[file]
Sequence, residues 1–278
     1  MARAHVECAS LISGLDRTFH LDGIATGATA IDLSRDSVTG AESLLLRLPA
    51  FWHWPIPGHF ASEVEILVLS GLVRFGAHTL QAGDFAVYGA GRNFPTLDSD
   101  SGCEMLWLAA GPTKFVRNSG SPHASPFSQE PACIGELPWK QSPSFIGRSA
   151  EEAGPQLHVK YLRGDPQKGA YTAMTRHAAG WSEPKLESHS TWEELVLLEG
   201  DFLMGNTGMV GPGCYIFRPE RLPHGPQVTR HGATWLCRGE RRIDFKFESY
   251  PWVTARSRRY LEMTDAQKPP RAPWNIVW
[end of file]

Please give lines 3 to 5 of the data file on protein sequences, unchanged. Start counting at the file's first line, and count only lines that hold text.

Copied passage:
    51  FWHWPIPGHF ASEVEILVLS GLVRFGAHTL QAGDFAVYGA GRNFPTLDSD
   101  SGCEMLWLAA GPTKFVRNSG SPHASPFSQE PACIGELPWK QSPSFIGRSA
   151  EEAGPQLHVK YLRGDPQKGA YTAMTRHAAG WSEPKLESHS TWEELVLLEG